- HASSAN MASIKY
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Washington / Morocco News Board -- In an interview with French television channel TV5, Morocco’s Prime Minister, Abdelillah Benkirane, stated, “Algeria does not want that Morocco intervenes in Mali, I don't know why... ». Mr. Benkirane is either sarcastic or clueless. Regardless, Morocco’s absence in Mali is inexplicable and inexcusable. Calls from the Malian government and different Tuareg movements for a more active Moroccan diplomacy in resolving the crisis in the North went perplexingly unheeded.
Counterinsurgency lessons from Afghanistan and Yemen have shown that the secret to winning rests on finding dependable and capable local groups that can assist in securing territories for the long run. French and Malian troops will perpetually struggle in securing Northern Mali unless they obtain the support of local Touareg groups including the National Movement for the Liberation of Azawad (MNLA). The coalition forces’ failure to secure parts of Afghanistan outside Kabul is due in large part to the weakness and unreliability of the Afghan National Army, while the American relative success in Yemen is credited to local tribes assisting foreign troupes in fighting Al-Qaeda. MNLA forces are the military answer to securing Northern Mali. France is making a strategic error by selling the Touareg cause to secure Algeria’s support for its mission in Mali. By refusing to address the legitimate demands of the Touregs and allying itself with Algeria, France is turning the locals in the North against its operation; and thus making its military’s job harder and driving religious Tuaregs to join Al-Qaeda affiliates.
Instead of coddling the Algerian anti-Touareg position, France should encourage the Mali government to compromise with the MNLA and other secular Touareg groups. The failure to secure local support will spell trouble for French interests in the Sahel and endanger the very existence of the Malian state.
By ignoring protests from the Touareg elders and turning a blind eye to extrajudicial killings against ethnic Arabs in the North, France is playing into the hands of the Algerian government. Today, under the French intervention, the Malian society has become polarized between Northern and Southern. France and Algeria will eventually have to deal with the intended consequences of such shortsighted approach. In fact, at the end of the day, The Al-Qaeda in the Islamic Maghreb will be, without a doubt, the winner in Northern Mali.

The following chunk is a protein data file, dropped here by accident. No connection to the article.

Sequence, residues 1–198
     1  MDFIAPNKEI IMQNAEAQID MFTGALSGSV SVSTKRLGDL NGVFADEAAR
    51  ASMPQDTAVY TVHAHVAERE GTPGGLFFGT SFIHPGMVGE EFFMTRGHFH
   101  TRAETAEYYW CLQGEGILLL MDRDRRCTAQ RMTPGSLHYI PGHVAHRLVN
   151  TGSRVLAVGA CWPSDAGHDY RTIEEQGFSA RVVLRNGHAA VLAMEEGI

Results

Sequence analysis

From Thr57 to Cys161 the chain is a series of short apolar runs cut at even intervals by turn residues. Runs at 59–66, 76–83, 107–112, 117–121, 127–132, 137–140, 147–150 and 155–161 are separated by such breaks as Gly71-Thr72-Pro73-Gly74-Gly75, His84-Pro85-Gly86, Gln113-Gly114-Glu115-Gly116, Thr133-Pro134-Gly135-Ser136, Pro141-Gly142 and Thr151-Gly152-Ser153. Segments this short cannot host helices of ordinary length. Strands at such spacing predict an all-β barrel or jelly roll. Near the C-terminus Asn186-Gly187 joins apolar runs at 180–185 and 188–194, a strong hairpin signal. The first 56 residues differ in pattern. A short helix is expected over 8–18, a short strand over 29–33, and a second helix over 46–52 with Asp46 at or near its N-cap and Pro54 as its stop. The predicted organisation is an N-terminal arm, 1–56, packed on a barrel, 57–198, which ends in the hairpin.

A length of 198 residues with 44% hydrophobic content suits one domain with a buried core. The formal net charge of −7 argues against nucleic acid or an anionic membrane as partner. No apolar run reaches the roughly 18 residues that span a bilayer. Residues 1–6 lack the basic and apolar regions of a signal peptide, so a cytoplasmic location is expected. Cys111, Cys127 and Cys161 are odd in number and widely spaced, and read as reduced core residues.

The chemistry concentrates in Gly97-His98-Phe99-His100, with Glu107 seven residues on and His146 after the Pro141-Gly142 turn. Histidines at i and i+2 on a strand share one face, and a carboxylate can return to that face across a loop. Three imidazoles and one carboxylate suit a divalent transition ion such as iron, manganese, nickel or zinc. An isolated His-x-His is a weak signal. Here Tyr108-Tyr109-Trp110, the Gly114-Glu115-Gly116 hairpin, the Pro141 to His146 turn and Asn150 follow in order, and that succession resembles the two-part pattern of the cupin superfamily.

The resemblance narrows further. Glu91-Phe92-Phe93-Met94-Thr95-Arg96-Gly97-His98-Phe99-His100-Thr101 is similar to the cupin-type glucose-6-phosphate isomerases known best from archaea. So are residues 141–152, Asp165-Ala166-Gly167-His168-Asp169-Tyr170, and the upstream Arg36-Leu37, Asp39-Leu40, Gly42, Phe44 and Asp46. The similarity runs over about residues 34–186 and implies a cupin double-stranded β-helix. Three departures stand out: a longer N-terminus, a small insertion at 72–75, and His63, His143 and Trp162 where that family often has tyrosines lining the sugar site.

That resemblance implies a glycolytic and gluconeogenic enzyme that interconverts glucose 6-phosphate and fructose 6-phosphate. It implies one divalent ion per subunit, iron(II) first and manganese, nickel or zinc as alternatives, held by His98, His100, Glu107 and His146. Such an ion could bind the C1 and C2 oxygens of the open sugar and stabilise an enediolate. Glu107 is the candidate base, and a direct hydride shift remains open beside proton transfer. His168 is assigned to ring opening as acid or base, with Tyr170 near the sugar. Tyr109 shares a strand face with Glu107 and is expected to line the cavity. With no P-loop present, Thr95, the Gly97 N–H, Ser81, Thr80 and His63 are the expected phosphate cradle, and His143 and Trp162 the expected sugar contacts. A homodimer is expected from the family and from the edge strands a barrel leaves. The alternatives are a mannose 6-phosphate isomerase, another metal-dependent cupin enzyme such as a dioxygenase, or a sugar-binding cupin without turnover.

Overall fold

In spite of Algeria’s stealth campaigns to discredit Morocco's efforts as attempts by Rabat to score point against Algiers in their conflict over the Western Sahara, Morocco’s should forge ahead with diplomatic plans to put an end to the bloodshed in Mali. The death of 25 Chadian troops, the ongoing fighting between the Franco-Malian forces and members of armed groups on the Algerian borders and the disturbing racially motivated revenge killings of Touareg and Arabs underline the need for an outside mediator.
Although the conflict in Mali is depicted as a war on Islamist groups that took over the northern part of the country, the Touareg rebellion is at the heart of the Malian crisis and the key to resolving it. As such, the Moroccan diplomacy should propose a resolution to this conflict based on a marriage of the Touareg and Arab population’s demands for local self-rule with the right of the Malian state to protect its territorial integrity.
Despite French Military intervention and Algerian counterproductive maneuvers, Morocco remains in a unique position to assist the Malian state and help Paris achieve a fair and durable solution to the crisis. Facing a separatist movement of its own and harboring a long tradition of historic and religious relations with Malians of all ethnic backgrounds, the Kingdom is well suited to propose resolutions that will gain the confidence of both Touareg rebels and the Malian government.
The government of Bamako remains weary of Algeria’s intentions in the region. The cozy relationship between the Algerian military and the terror group Ansar Eddine and Algeria’s history of backing certain Touareg movements spoiled Algerian diplomatic role in the Sahel. For its part the MNLA, the chief Touareg movement, consider Algeria an obstacle to achieving local autonomy in the Azawad, since the Algerian government is facing social tension in the South where young Saharan in the Provinces of Ouargla et Laghouat have been protesting their living conditions.
France and Mali need an honest broker that commands the trust of all parties. Morocco is that negotiator; unfortunately, Rabat remains unengaged despite the obvious positive diplomatic outcomes of such undertaking.